It also is said that such legislation cannot be made to include the lands of the Pueblos, be cause the Indians have a fee simple title. It is true that the Indians of each pueblo do have such a title to all the lands connected there with, excepting such as are occupied under Executive Orders, but it is a communal title, no individual owning any separate tract. In other words, the lands are public lands of the pueblo, and so the situation is essentially the same as it was with the Five Civilized Tribes, whose lands, although owned in fee under patents from the United States, were adjudged subject to the legislation of Congress enacted in the exercise of the Government's guardianship over those tribes and their affairs. Stephens v. Cherokee Nation, 174 U.S. 445, 488; Cherokee Nation v. Hitchcock, supra; Heckmun v. United States, 224 U.S. 413; Gritts v. Fisher, id. 640.
    The one-half of the royalty from oil, gas, coal, etc., reserved to the tribe by agreement with the Seminoles, being purely tribal property, and the plenary power of Congress to dispose of such property with or without the consent of the Indians being undoubted, I am of the opinion that it was well within the power of Congress to enact the subsequent legislation here complained of, and, hence, that the claim of the Seminole Indians, as a tribe, in and to one-half of such royalties, can not be recognized or sustained under existing law.

    This disposition of the matter involved upon an issue which goes to the merits, renders unnecessary any discussion of the other questions submitted.
 


 

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FEBRUARY 24, 1928

    The contract proposed should not, in my opinion be approved.

                                                                                                                                                        E. O. PATTERSON,

Solicitor.

Approved: October 17, 1927.
JOHN H. EDWARDS, Assistant Secretary.

ERRONEOUSLY ISSUED FEE PATENTS-
CANCELLATION

M-22708                                                                                                                                     February 24, 1928.

The Honorable,
The Secretary of the Interior.

DEAR MR. SECRETARY:

    At the request of the Commissioner of Indian Affairs, my opinion is asked on a question arising under the act of February 26, 1927 (44 Stat. 1257, part 2), which provides:

    That the Secretary of the Interior is hereby authorized, in his discretion, to cancel any patent in fee simple issued to an Indian allottee or to his heirs before the end of the period of trust described in the original or trust patent issued to such allottee, or before the expiration of any extension of such period of trust by the President, where such patent in fee simple was issued without the consent or an application therefor by the allottee or by his heirs: Provided, That the patentee has not mortgaged or sold any part of the land described in such patent: Provided also, That upon cancellation of such patent in fee simple the land shall have the same status as though such fee patent had never been issued.
    The specific question submitted for opinion reads as follows:
    Where an Indian has mortgaged land covered by an unapplied for patent in fee issued during the trust period, and such mortgage has been paid and satisfaction recorded and no part of the land sold, may the Secretary of the Interior cancel such patent under authority of the Act of February 26, 1927 (45 Stat. L. 1247), which authorizes cancellation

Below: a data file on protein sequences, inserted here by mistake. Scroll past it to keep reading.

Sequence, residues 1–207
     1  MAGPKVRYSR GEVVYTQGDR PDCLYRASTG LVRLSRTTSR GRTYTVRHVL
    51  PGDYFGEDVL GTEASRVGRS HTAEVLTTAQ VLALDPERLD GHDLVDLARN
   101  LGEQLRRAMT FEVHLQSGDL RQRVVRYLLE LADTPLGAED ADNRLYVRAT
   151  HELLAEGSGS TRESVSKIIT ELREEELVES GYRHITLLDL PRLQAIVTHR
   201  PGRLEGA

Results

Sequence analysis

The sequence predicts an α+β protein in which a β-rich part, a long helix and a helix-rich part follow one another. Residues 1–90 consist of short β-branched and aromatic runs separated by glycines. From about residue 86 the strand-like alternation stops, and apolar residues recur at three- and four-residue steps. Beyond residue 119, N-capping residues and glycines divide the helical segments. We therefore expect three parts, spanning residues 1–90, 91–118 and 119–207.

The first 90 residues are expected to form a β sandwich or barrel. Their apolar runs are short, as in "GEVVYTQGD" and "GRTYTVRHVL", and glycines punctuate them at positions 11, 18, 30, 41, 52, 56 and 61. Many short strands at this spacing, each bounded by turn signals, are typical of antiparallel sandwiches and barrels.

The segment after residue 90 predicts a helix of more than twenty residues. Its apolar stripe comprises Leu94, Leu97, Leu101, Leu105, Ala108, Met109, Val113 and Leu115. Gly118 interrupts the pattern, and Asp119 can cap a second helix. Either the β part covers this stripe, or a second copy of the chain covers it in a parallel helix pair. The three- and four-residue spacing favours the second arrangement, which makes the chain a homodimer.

"Provided that the patentee has not mortgaged or sold any part of the land described in such patent."

    With the request is transmitted a concrete case of an Indian allottee to whom a fee simple patent was issued, without application made therefor, which patent is dated April 13, 1918, and was filed for record in the office where such instruments are recorded July 15, 1918. The patent was transmitted to the Commissioner of Indian Affairs, with recommendation of the Indian superintendent dated April 18, 1927, that it be canceled. It is assumed this is in accord with the request of the patentee. There also accompanies the report, a notation of the Register of Deeds of the county where the land is located and patent recorded, as follows:

    There is nothing on record against this land. The mortgage which was of record was satisfied.

    I am of the opinion that upon the record furnished with the concrete case, you would not be warranted in attempting to cancel this particular patent. The patent has been outstanding for nearly ten years and has been of record in the county where the land lies for nearly as long. It does not appear when the mortgage was given, nor the length of time the debt secured remained unpaid. The information furnished by the Register of Deeds relates only to liens filed and appearing of record in that office. Judgment liens are not there reported. The lien of unpaid taxes would not be disclosed by any of the records there. Certainly the giving of a mortgage on the land was an acceptance of the fee title essential to its validity and to give it effect as security, and was an acceptance of the patent, from that time at least. Acceptance depends upon consent and mortgagor who makes use of a title to secure a benefit, such as a loan, will not be heard to deny the giving of the consent upon which the validity of the mortgage given to secure the loan depends. It follows that from the time of the giving of the mortgage the presumption of consent to the issuance and acceptance of the fee simple patent is conclusive. The title in the patentee becoming then unrestricted, his interest in the land would, in my opinion be subject to any liens created by way of judgments or levy taxes, and such liens could not be defeated by an attempted cancellation of the patent. The object of the cancellation of the patent is to restore the land to "the same status as though such fee patent had never been issued." Obviously this end can not be attained if valid liens have attached which remain unsatisfied and until the record before him is sufficient to show that the title is free of all liens, the Secretary of the Interior would not be warranted in attempting to cancel the patent in the case presented as a concrete one.